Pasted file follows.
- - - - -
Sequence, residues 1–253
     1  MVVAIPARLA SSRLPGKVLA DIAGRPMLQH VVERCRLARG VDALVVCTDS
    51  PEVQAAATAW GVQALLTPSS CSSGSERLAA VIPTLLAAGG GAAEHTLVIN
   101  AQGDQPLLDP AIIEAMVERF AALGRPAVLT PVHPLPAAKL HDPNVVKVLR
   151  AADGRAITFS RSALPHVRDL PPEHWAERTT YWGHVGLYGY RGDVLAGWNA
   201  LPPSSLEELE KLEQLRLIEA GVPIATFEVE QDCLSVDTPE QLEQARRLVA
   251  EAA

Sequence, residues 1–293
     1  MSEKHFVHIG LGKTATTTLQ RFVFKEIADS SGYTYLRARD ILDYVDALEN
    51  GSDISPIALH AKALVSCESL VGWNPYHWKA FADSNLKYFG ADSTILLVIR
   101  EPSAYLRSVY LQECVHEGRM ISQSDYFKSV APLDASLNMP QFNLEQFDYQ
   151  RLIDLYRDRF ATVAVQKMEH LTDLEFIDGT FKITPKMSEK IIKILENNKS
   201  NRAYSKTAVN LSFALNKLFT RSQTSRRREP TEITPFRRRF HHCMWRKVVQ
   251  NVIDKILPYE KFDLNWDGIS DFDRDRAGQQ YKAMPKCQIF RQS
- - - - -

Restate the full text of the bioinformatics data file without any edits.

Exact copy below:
Sequence, residues 1–253
     1  MVVAIPARLA SSRLPGKVLA DIAGRPMLQH VVERCRLARG VDALVVCTDS
    51  PEVQAAATAW GVQALLTPSS CSSGSERLAA VIPTLLAAGG GAAEHTLVIN
   101  AQGDQPLLDP AIIEAMVERF AALGRPAVLT PVHPLPAAKL HDPNVVKVLR
   151  AADGRAITFS RSALPHVRDL PPEHWAERTT YWGHVGLYGY RGDVLAGWNA
   201  LPPSSLEELE KLEQLRLIEA GVPIATFEVE QDCLSVDTPE QLEQARRLVA
   251  EAA

Sequence, residues 1–293
     1  MSEKHFVHIG LGKTATTTLQ RFVFKEIADS SGYTYLRARD ILDYVDALEN
    51  GSDISPIALH AKALVSCESL VGWNPYHWKA FADSNLKYFG ADSTILLVIR
   101  EPSAYLRSVY LQECVHEGRM ISQSDYFKSV APLDASLNMP QFNLEQFDYQ
   151  RLIDLYRDRF ATVAVQKMEH LTDLEFIDGT FKITPKMSEK IIKILENNKS
   201  NRAYSKTAVN LSFALNKLFT RSQTSRRREP TEITPFRRRF HHCMWRKVVQ
   251  NVIDKILPYE KFDLNWDGIS DFDRDRAGQQ YKAMPKCQIF RQS